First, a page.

Whilst for most people, online gambling and roulette is fun and harmless, for some people gambling has serious consequences. It’s really important to understand what it means, what to watch out for, and where to get help. Read on to find out more about gambling issues in NZ.
What Is Problem Gambling?
Wikipedia defines problem gambling as “repetitive gambling behavior despite harm and negative consequences”. It’s worth remembering that problem gambling doesn’t just affect the gambler – it also affects their loved ones, family and friends. It also affects things like finances and work, not to mention mental well-being and self-esteem.
Ultimately it’s when gambling is at a stage way past it being fun or exciting. Problem gambling is incredibly destructive and disruptive.
Problem Gambling In New Zealand – At A Glance
What Are The Warning Signs Of Problem Gambling?
The warning signs that may show someone is a ‘problem gambling’ include:
- Trying to reduce the amount of gambling but not being able to
- Playing with more money than you should (i.e. outside of your ‘bankroll’)
- Borrowing or even stealing money to gamble with
- Not finding it fun any more but feeling compelled to gamble anyway
- Lying to people about your gambling
- Your relationships being affected
- Your work being affected
- Mental health issues like irritability, anxiety or anger
- Being in denial about your issues
- Feeling like gambling has taken over your life
- Continually chasing losses
There are tons more. The signs can manifest in very different ways from individual to individual.
What Causes Problem Gambling?
The causes of problem gambling are varied but include:
- A need or perceived need for more money
- Chasing the ‘high’ of winning
- Losing money then repeatedly trying to win it back
- A reliance on gambling to relieve issues like boredom, frustration or loneliness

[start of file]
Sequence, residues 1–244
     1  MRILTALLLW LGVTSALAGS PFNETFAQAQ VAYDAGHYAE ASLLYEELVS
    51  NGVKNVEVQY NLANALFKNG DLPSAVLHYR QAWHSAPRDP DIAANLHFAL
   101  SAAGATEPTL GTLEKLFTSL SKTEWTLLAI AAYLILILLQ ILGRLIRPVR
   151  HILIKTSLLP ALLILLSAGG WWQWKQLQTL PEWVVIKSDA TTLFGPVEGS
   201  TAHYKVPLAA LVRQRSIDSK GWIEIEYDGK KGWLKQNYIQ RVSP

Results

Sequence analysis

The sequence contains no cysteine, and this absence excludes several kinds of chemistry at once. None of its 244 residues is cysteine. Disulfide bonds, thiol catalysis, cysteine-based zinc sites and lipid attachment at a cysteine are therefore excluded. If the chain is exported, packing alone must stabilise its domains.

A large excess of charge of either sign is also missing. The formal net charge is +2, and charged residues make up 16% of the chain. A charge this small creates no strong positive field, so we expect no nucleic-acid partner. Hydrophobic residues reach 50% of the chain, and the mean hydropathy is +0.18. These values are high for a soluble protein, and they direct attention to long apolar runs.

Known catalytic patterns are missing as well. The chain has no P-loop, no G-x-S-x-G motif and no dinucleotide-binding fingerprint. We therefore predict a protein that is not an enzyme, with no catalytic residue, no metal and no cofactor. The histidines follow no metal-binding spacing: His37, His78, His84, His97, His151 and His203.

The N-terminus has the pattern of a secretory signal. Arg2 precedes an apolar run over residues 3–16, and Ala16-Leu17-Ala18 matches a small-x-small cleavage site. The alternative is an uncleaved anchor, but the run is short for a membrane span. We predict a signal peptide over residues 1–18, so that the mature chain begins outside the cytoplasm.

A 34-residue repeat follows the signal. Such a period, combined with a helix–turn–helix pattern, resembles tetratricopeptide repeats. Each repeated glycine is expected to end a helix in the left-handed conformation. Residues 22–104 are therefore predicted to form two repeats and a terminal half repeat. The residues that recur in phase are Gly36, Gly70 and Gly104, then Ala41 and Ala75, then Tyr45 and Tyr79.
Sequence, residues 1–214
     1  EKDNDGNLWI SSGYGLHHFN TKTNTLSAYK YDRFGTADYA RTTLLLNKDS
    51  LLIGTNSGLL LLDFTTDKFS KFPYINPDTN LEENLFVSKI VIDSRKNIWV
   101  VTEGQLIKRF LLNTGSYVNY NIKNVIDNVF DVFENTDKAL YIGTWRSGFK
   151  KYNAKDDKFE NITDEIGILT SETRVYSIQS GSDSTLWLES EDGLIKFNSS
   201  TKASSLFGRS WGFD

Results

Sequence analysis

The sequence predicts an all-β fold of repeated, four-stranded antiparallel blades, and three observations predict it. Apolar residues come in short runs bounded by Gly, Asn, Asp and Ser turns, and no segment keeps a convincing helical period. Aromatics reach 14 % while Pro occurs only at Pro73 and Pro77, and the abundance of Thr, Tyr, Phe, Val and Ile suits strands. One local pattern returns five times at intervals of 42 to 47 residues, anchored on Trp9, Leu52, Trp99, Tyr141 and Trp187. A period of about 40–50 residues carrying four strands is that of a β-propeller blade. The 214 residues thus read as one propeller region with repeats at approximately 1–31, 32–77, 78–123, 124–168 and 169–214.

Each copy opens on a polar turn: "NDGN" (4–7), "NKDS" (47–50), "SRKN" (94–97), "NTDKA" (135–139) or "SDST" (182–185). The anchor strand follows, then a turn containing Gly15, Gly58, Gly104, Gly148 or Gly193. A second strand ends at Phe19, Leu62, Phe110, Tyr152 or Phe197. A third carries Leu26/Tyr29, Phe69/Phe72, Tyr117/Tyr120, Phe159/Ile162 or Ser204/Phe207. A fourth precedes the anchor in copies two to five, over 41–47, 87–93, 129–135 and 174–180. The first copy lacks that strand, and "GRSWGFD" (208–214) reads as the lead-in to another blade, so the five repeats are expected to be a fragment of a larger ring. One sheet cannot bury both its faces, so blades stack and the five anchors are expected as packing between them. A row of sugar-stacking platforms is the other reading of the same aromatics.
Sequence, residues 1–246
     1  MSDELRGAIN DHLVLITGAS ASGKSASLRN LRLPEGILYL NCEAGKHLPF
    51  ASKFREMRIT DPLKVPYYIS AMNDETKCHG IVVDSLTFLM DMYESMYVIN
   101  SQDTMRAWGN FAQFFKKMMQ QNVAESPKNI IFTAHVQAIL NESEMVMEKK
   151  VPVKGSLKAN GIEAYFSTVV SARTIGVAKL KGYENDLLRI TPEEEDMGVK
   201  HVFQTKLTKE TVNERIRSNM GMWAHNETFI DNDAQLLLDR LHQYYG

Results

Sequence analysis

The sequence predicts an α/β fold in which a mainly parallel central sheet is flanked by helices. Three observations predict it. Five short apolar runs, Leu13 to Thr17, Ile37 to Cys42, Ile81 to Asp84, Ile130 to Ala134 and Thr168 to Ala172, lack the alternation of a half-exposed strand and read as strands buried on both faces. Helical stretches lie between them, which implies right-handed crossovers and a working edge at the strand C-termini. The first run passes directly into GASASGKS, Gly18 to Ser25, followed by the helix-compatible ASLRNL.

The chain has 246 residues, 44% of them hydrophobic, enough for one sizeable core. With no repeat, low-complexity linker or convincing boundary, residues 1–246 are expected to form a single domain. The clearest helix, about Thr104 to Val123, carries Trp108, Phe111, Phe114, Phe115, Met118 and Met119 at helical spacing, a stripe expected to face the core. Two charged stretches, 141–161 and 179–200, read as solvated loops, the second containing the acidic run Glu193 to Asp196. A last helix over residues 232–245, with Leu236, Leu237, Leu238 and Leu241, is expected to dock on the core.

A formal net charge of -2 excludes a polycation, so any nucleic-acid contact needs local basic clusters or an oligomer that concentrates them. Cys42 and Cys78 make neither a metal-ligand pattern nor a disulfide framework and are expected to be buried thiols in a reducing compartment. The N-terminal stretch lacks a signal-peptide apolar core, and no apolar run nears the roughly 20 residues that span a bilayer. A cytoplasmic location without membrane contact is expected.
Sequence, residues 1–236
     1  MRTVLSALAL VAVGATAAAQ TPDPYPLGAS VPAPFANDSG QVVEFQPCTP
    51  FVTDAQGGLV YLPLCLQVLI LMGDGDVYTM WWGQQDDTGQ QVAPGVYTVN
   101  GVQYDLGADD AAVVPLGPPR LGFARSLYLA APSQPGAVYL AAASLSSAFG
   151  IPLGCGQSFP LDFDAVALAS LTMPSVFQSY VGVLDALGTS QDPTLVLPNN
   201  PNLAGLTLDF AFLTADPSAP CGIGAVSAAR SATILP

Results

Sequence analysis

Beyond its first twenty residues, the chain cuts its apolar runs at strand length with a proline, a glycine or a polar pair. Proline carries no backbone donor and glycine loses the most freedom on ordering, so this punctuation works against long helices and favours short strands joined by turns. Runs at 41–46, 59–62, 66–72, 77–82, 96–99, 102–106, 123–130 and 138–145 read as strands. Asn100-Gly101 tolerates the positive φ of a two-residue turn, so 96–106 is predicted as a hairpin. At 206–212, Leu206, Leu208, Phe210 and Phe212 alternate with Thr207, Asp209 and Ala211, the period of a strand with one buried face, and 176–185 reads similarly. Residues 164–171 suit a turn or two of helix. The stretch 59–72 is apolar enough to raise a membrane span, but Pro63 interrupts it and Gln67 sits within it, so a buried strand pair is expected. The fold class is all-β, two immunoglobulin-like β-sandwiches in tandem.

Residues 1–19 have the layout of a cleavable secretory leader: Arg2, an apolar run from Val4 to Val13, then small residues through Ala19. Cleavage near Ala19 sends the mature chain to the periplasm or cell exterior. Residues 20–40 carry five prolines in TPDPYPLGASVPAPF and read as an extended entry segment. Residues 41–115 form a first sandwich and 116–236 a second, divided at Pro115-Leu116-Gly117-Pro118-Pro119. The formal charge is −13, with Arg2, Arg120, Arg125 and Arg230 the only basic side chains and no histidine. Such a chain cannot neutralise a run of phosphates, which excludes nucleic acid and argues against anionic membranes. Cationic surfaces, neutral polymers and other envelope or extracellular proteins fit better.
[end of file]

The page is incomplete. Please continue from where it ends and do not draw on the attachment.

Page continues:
- Hereditary factors (an interesting study here)
Again, everyone is different. Some people may be chasing the ‘big jackpot’ to pay off debts or fund a big holiday.
Others are just bored and want the buzz of a win. – sometimes to the extent of it dictating their level of self-esteem.
Whatever the cause, it’s vital to recognise the signs quickly, and get help as soon as possible.
Where Can I Get Help In New Zealand?
Luckily there are many organisations that help problem gamblers from New Zealand. These normally operate at a regional level providing help to residents in that specific area.
Problem Gambling Foundation
The PGF is a fantastic organisation providing support and help via various channels. This is offered not just for the person who is having issues, but also for people who care about them and want to help. I’m particularly impressed by their ‘resource‘ area which covers tons of areas you might not even have thought about – for example editing your Facebook ad settings.
The Salvation Army run ‘Oasis‘ which is somewhere you can get support for anyone worried about gambling harm. Oasis can find services and therapies for you, with self-exclusion, and many others. They have centres in many parts of New Zealand.
Gambling Helpline – Māori
This is a freephone support line (0800654656) offering support via Māori counsellors. It’s open 24/7.
Debt Gambling Helpline
This is specifically for people that have debts as a result of problem gambling. They’re super supportive and can help with things like budgeting, finding counselling and tons more. Contact them on 0800654655, again 24/7.
What Is Self-Exclusion?
Self exclusion is where someone chooses to exclude themselves from gambling. It’s voluntary and is initiated by the gambler. The Gambling Act 2003 allows anyone to basically ban themselves from going into a casino, or any venue like a pub that might have pokie machines.
You can choose to do this for a single venue, or utilise ‘Multi-Venue Exclusion‘ to do self-exclusion in bulk.
“The Gambling Act 2003 allows any person who wishes to do so to exclude themselves from entering the gambling area of a casino or any pub, club or hotel with pokie machines.”– PGF.nz
For online self exclusion it’s different – you’ll need to ask each online casino you have an account with to prevent you playing.
It’s worth pointing out that you may feel embarrassed or ashamed when you approach companies for this. There’s no need to feel that.
All gambling companies and casinos are familiar with self-exclusion. It’s actually in their interests to prevent problem gambling.